We envy the students who knew what they wanted to major in before they left for college. In fact, we even envy the students who still feel committed to the major that they enrolled in, two years later. Why? Because in today’s day and age, commitment to anything is a lot harder to come by. Overwhelmed by indecision (and told we have the ability to do it all), most millenials are finding that because there are so many career options to choose from, picking exactly the right one that will guarantee success and happiness is harder than ever.
First world problems for sure, but that doesn’t mean they’re not real.
Are you undeclared and on the fence about what major you should enroll in? Are you in a major that doesn’t seem to feel right -- you find yourself dreading every department class, wondering what it’d be like to switch to liberal arts, or worse, considering dropping out altogether because of the tremendous uncertainty? Consider these five tips before you make a switch.
Dive inward. Oftentimes, we’re riddled with indecision and overwhelmed by the pressure to make a decision because we may not know ourselves well enough. How often do you spend time alone, pursuing the things you enjoy most and learning more about other things that interest you now or that did when you were a child? If you’re like most time-stressed college students, you’re probably spending a fair amount of time either staying so busy you forget to breathe, or finding ways to procrastinate. It’s time to get to know yourself better so you know how you’d like to structure your days (read: at least 40 hours of the week) for the rest of your life. Got a restless leg and hate sitting still? You might be more aligned for a career requiring you to be in the field than behind a computer. Spending your days crunching numbers in accounting and wishing you had a blank canvas and some watercolors? Start thinking about pursuing a field that allows you to be just as creative as logical.
Assess your goals. First of all, we’re hoping you have thought about long-term goals. Where do you see yourself in 5, 10, 20 or 30 years? What does your dream job look like? What do you feel called to accomplish in this lifetime? If you haven’t already, spend some time thinking about what you want out of life, particularly as it relates to you professionally. Write down your goals, and then try to work backward -- how can you get there? What classes should you be taking, and what extracurriculars should you be involved in that will help work towards those goals? If you’re noticing they’re not aligned with the major or school you’re studying in, it’s time to make a change.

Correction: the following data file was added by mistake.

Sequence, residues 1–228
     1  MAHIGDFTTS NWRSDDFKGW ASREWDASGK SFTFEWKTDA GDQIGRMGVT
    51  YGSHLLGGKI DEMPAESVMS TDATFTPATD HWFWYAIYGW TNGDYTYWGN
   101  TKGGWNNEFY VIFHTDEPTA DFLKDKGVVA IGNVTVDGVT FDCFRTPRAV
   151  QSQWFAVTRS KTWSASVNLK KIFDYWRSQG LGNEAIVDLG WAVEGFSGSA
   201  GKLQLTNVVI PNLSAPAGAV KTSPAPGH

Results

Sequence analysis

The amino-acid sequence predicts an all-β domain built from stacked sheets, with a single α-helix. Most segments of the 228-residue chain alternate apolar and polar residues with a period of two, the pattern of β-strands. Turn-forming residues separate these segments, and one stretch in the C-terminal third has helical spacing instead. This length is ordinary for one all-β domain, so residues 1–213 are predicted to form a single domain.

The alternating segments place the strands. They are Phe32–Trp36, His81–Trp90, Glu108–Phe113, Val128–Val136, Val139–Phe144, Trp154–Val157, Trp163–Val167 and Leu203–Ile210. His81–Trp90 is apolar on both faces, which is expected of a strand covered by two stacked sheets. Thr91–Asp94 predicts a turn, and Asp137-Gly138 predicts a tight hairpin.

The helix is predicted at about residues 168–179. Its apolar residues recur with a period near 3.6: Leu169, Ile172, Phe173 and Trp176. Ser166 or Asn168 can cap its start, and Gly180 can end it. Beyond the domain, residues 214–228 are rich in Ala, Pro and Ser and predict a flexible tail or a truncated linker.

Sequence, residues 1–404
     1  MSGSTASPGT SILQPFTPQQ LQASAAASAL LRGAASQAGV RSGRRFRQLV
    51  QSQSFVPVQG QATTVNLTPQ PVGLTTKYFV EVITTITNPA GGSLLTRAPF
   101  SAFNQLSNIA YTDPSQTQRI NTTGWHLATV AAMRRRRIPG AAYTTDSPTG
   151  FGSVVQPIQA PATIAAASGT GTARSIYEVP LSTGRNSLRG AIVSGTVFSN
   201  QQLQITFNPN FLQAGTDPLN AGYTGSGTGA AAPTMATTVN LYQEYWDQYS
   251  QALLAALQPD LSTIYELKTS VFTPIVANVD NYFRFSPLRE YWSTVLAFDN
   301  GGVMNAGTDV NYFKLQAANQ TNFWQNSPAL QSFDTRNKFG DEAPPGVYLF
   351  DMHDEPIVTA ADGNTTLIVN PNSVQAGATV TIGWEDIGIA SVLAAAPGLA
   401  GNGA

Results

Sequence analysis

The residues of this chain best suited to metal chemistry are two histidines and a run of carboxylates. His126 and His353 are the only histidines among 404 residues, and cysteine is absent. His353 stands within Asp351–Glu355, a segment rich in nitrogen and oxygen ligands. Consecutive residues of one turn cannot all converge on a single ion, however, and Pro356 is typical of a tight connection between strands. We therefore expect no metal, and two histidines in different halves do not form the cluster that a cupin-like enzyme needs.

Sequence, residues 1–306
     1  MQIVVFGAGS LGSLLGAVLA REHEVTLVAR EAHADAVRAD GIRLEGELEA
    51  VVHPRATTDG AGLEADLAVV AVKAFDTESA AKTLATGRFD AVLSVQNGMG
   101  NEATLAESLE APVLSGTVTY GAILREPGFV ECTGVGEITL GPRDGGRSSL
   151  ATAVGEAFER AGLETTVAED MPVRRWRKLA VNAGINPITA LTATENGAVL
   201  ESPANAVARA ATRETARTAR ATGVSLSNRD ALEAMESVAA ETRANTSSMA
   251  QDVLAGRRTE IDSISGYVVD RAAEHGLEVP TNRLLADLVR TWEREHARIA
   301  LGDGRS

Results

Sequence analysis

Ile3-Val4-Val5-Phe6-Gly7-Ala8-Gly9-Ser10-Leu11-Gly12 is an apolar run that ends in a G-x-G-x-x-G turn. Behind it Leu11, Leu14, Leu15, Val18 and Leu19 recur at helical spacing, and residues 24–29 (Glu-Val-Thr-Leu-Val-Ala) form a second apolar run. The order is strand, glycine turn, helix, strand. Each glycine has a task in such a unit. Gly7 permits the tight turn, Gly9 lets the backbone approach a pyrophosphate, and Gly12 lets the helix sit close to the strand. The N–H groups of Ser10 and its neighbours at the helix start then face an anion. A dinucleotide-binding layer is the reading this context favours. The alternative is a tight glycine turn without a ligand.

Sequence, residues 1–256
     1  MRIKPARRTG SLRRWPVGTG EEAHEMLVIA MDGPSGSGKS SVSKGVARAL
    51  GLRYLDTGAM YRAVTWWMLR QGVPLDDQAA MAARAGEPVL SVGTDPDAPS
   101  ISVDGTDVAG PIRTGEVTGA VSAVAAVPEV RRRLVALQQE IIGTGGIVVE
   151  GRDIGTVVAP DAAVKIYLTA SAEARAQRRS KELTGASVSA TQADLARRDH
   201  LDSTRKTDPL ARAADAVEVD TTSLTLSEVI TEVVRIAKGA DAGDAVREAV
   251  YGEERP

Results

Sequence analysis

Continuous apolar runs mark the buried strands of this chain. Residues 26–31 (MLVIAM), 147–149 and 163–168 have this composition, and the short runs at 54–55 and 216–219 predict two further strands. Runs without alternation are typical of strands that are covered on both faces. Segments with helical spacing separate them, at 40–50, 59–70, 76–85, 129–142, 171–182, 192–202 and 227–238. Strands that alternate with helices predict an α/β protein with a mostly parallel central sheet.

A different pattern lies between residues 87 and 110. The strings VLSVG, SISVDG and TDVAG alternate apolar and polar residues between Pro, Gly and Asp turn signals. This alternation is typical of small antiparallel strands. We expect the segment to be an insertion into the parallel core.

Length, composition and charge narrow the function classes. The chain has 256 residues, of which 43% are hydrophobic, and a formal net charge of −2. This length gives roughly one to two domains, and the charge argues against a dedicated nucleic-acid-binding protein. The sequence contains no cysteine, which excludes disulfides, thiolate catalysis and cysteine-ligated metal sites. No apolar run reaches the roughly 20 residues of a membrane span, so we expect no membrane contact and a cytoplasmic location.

Go on informational interviews or look into internships. The best way to figure out if your degree is in the field you want to want to work in longterm, is to try it out. Find second or third connections on LinkedIn who are doing what you think you’d like to be doing, and ask them for a bit of their time for an informal interview on what it’s like to be X for a living. See if you can do mini-internships of a week or two at the organizations you could see yourself working for. Shadow someone you know who’s in your potential dream field. Lots of times, those roles can appear glamorous from the outside, but the day-to-day tasks look nothing like your idealized scenario. Make sure you have proof and realistic expectations before you commit.
Talk to a counselor. Your college has a whole department dedicated to career services and pays career counselors for a reason. Use them! Counselors are trained to provide you with the help and direction you need to see yourself through the uncertainty. Especially if you’re thinking of switching majors -- you’ll want to make sure all of your credits transfer and everything you’ve done can be applied. Also consider talking to the advisors within your school or department. Since they’re so close to the industry, they’ll have more specific answers regarding the field that a general counselor may not.
Remember, nothing’s written in stone. National statistics show that about three fourths of all college students change majors at some point during their college career. And some change majors more than just once or twice. If you feel you're already too far along and changing majors would mean two more years of school that neither your parents (nor you) are willing to pay for, go ahead and get the degree. You’re not tied to the field, and oftentimes employers are eager to hire graduates with degrees in an alternative major. For example, if you’re thinking of dropping out of biology because you no longer want to commit to six plus more years of med school, but also love to write, try taking English, literature or communications classes that could allow for a career in science journalism or medical publishing. Build skill sets across the board so that you don’t have to depend on your degree to find you employment.
Lastly, don’t forget to sleep on it. Sometimes one bad professor or one challenging class can leave you wanting to do a 180 away from your current major. Weigh things out before making a switch, and be smart about making a decision.